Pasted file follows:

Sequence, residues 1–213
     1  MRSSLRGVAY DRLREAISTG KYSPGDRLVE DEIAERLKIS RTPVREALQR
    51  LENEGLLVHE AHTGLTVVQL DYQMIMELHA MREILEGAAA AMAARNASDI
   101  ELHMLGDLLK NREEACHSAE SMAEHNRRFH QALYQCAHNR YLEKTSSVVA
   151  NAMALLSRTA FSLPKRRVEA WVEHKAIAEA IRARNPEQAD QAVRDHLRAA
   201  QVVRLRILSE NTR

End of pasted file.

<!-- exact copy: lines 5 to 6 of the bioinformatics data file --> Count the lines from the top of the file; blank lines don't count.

   151  NAMALLSRTA FSLPKRRVEA WVEHKAIAEA IRARNPEQAD QAVRDHLRAA
   201  QVVRLRILSE NTR